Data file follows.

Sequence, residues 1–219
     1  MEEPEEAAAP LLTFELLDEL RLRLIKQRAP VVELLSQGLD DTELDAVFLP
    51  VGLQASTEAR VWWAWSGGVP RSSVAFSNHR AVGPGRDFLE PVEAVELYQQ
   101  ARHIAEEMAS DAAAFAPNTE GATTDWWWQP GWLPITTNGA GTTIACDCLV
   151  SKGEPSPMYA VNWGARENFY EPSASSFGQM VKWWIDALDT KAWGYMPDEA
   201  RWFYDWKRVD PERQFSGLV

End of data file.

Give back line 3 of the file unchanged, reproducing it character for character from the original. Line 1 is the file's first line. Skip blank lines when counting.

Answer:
    51  VGLQASTEAR VWWAWSGGVP RSSVAFSNHR AVGPGRDFLE PVEAVELYQQ